She had clear, beautiful skin, perfect for shoving a needle into; or so it had seemed, when I first scanned my partner’s arm for a suitable vein. Medical students practicing the placement of intravenous lines on one another abide by the basic real estate principle of location, location, location.

With the tourniquet tied and the antiseptic applied, I wondered dimly whether the target vessel had been scrubbed away entirely in the course of my preparatory cleaning. In its place I could discern only the faintest hint that a vein had ever even existed, a mere discoloration of the skin, a ripple on the surface where once thundered a proud tributary of her heart’s coursing river.

I had placed a few intravenous lines, but only for anesthetized patients in the operating room. Never before had I attempted the same feat under the close scrutiny of the recipient herself. The added pressure left my senses addled; whereas my initial assessment was that of an easy “poke”, now the vessel seemed to shrink before the advancing needle, dwindling in size even as my trembling hand drew close. I had the impossible task of spearing an earthworm with a whaling harpoon.

If my ineptitude distressed my partner, her calm and composed visage did not betray the slightest duress; a casual observer might have mistaken my fumbling with her limb for a manicure rather than a possible tattooing. Unfortunately, I could not lay claim to the same stable stoicism. My viscera ran wild, as if on a caffeine-fueled bender, twisting themselves into shapes unimagined by even the most creative balloon artists. I never perspire, even under exertion, but now Dagobah monsoon season erupted on my brow.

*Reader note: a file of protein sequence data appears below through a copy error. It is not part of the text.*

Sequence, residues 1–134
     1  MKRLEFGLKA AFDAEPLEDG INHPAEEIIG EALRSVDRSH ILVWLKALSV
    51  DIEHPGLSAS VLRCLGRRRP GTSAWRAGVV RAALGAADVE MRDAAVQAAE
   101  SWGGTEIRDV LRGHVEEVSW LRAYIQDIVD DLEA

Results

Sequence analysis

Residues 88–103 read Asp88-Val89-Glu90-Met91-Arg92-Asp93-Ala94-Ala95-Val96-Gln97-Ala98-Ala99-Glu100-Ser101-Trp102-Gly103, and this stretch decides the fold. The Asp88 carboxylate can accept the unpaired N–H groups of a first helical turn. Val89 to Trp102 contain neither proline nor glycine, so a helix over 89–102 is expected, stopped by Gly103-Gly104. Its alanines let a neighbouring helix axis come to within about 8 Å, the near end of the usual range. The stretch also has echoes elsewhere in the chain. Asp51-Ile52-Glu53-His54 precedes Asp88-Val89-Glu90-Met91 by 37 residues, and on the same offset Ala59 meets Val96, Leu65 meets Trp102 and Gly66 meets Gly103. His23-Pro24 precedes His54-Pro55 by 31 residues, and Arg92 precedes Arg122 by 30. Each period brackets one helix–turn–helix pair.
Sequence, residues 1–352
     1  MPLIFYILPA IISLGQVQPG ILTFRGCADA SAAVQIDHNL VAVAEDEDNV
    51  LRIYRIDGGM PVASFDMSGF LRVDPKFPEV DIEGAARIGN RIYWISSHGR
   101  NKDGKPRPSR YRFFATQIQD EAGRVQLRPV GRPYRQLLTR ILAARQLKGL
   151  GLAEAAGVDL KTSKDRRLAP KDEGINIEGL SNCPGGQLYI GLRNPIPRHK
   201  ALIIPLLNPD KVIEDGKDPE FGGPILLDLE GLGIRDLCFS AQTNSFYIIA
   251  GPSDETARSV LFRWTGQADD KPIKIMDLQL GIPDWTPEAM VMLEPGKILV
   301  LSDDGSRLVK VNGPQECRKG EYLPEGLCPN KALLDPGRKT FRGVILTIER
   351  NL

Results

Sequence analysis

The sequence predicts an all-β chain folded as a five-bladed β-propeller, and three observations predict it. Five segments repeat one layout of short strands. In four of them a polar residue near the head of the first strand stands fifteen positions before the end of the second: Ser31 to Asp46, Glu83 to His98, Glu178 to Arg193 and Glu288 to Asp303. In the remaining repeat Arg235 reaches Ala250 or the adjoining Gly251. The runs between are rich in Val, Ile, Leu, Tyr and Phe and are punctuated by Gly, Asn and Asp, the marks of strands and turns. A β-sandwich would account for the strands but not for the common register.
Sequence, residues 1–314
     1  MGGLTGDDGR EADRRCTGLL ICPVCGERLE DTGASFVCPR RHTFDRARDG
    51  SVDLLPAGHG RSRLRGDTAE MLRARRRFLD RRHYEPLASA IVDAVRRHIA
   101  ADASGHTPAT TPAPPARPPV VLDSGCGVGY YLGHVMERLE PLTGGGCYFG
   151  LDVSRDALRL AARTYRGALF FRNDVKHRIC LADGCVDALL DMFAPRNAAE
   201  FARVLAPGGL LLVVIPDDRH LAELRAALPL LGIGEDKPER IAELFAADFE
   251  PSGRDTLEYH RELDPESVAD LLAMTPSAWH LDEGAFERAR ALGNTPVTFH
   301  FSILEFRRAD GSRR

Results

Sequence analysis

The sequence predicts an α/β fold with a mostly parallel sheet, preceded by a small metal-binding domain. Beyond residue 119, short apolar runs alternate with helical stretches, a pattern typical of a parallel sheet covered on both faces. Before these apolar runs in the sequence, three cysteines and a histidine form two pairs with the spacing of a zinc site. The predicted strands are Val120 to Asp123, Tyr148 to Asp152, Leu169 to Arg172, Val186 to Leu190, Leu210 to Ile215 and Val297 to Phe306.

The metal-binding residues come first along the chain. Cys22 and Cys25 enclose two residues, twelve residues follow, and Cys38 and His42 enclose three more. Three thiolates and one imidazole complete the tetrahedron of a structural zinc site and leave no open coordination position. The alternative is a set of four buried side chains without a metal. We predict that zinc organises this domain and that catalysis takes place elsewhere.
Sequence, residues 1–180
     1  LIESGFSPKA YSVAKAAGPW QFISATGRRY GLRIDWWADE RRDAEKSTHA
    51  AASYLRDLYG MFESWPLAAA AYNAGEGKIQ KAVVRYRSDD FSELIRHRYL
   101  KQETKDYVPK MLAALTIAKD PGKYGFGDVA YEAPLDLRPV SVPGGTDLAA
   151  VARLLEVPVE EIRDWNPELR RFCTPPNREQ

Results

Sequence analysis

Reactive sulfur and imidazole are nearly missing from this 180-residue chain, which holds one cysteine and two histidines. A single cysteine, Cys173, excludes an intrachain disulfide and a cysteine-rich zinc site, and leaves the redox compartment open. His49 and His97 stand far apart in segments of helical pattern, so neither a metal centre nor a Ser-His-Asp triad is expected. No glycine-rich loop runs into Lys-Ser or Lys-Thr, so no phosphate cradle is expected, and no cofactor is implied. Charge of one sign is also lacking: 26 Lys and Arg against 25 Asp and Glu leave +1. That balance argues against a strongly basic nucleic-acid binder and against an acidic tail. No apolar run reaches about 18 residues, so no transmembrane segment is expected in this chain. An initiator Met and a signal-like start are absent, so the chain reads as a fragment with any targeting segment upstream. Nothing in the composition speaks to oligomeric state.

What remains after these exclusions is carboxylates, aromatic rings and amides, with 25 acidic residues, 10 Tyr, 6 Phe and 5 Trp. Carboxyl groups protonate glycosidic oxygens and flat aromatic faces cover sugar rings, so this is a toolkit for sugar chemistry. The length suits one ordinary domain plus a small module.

Was I hallucinating, or was her vein actually moving? I shook my head — no, there it was again. It not only moved, it danced, juked like Denard, swayed like Rick’s on St. Patty’s Day. We had been warned of “rolling” veins, but this one rolled like a Del Amitri-Limp Bizkit-Creedence Clearwater Revival mash-up. For a moment I worried that the vessel would rise out of her arm and battle for control of the needle.

Pinning the tail on the evasive donkey was taxing to say the least. I had to solve the Schrödinger equation, calculate probability distribution space, channel my inner Zen. I became one with the beveled edge and guided it not where Heisenberg’s vein was but where it would be. It was all in the wrist, and eventually, so was the needle.

A flash in the line signified that I had struck red gold, that indeed, There Will Be Blood. Quickly, I advanced the catheter into the vessel lumen, threading it over the introductory needle. So proud was I of this momentary accomplishment that I failed to close off the open end of the catheter fast enough, sending a torrent of crimson sloshing across the table.

Though my partner looked unconcerned, I hastened to grab the syringe of intravenous fluid that would occlude the open hub and stem the bleeding, but blood on my glove caused it to elude my grasp and careen out of reach. With the desperation of Mitch McGary diving headlong for an errant fast break pass, I skittered after the syringe, caught it on the first bounce and capped the line. As the fluid flowed into circulation, so too did the tension bleed away from me. Our long search for IV access had ended in vein.

The ordeal replayed at the other tables around us, as pairs of medical students did their bloodiest renditions of Dexter scenes. The number who fainted or passed out left the room less reminiscent of an IV workshop than a mass casualty event. I realized then that the goal of the session was not to make us masters of line placement, but to appreciate the nurses and technicians who routinely establish access even in very difficult patients. For injection drug abusers who had blown all of the usual veins, I had seen nurses and techs who could find viable vessels in all sorts of bizarre locations. The practice I received made me marvel at their artistry that much more.

I was roused from my reverie by motion in my peripheral vision. In one fell swoop, my partner had deftly taken up her own needle and pinioned my arm fast. The slightest suggestion of a vengeful glimmer in her eye seemed to say, “My turn.”

I gulped hard with a mouth gone suddenly dry…

Mike Yee can be reached at mayee@umich.edu.

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